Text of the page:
Tragic and Heroic Moments in the Lives of Forced Migrants: Memories of Political Asylum-Seekers in Post-Apartheid South Africa

By Pineteh, Ernest A.; Mulu, Thecla N. | Refuge, December 30, 2016 | Go to article overview

Tragic and Heroic Moments in the Lives of Forced Migrants: Memories of Political Asylum-Seekers in Post-Apartheid South Africa


Pineteh, Ernest A., Mulu, Thecla N., Refuge


Abstract

This article examines the memories of a group of Cameroonian asylum-seekers in South Africa, analyzing personal accounts of memories of fear, suffering, and pain as well as resilience and heroism during their forced migration. The article argues that the legitimacy of applications for asylum often depends on accurate and consistent memories of specific life-threatening episodes at home and during migration. Drawing on theoretical conceptions such as construction of memory, autobiographical memory, and politics of storytelling, this article teases out how personal memories of asylum-seekers provide a discursive space to access and understand the asymmetries of seeking political asylum in post-apartheid South Africa.

Resume

Cet article etudie les souvenirs d'un groupe de chercheurs d'asile d'origine camerounaise en Afrique du Sud. Il analyse leurs temoignages personnels de souvenirs associes a la peur, la souffrance et la douleur, ainsi que ceux de la perseverance et de l'heroisme lors de leur migration forcee. L'article maintient que la legitimite des demandes d'asile depend souvent des souvenirs precis et coherents de situations specifiques impliquant un danger de mort qu'ils ont subies dans leurs pays ainsi que lors de la migration. En faisant appel a des conceptions theoriques telles que la construction de la memoire, la memoire autobiographique, et la politique des recits narratifs, l'article fait ressortir la facon dont les souvenirs personnels des chercheurs d'asile produisent un espace discursif pour acceder et comprendre la dimension asymetrique inherente a la recherche d'un asile politique en Afrique du Sud post-apartheid.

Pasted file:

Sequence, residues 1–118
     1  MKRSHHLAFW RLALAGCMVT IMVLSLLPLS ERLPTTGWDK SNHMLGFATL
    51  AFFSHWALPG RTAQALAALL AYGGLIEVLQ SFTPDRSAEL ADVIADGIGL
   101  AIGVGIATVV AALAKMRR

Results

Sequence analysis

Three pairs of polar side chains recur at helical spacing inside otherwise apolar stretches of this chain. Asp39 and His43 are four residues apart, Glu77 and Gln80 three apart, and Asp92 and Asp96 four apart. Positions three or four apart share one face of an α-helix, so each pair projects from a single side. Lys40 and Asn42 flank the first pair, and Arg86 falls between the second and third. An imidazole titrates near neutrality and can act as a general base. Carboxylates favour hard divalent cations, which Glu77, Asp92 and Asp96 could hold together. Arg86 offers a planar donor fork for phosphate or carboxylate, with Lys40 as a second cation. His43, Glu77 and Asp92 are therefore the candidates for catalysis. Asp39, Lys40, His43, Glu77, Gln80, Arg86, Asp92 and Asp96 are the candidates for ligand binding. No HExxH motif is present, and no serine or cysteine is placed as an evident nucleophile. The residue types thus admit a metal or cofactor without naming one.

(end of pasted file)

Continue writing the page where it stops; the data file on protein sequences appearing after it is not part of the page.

Introduction

In the asylum application process, "the decisions [to grant political asylum] very often rest on a judgement whether or not the claimants and their story are credible." (1) This entails "the ability to recall specific memories" in a narrative that is deemed consistent and coherent by the asylum determination officers. (2) Although experiences of forced migrants are those of fear, pain, and suffering, which they would rather forget than remember, the inclusion of specific details of key moments in their lives is often construed as a marker of credibility. (3) This approach to asylum narratives lends itself to "the question of the relationship between 'facts' and emplotment, truth and representation." (4)

In the case of South Africa, the legitimacy of claims for political asylum resides not only in the techniques of narrative construction but also in the recollection of life-threatening experiences at home and during the journey to exile. (5) However, because of the inadequacy of resources to manage the increasing influx of asylum-seekers, and the prescripts of the South African immigration policies such as the infamous Aliens Control Amendment Act of 1995 or Refugees Act of 1998, the term illegal immigrants remains the dominant discourse and often is used as a pretext to reject applications of bona fide asylum-seekers. (6) Certain immigration policies have been amended to respond to the changing characteristics of global human mobility, but stories of asylum-seekers from war-torn countries like the Democratic Republic of Congo (DRC) and Somalia are often privileged by the refugee determination officials because of South African media coverage of devastating wars in these countries. (7) For Cameroonians, this process entails remembering moments of immeasurable suffering, fear, and pain, as well as feats of heroism in a country rated by South Africa as politically stable and therefore a non-refugee-producing country. (8)

To understand the subjectivity of Cameroonians' exilic experiences, we need to examine how these experiences are recalled and how Cameroonian asylum-seekers "build themselves into the world by creating meaning [and] by fashioning out of [traumatic images], a sense of what the world is all about. …

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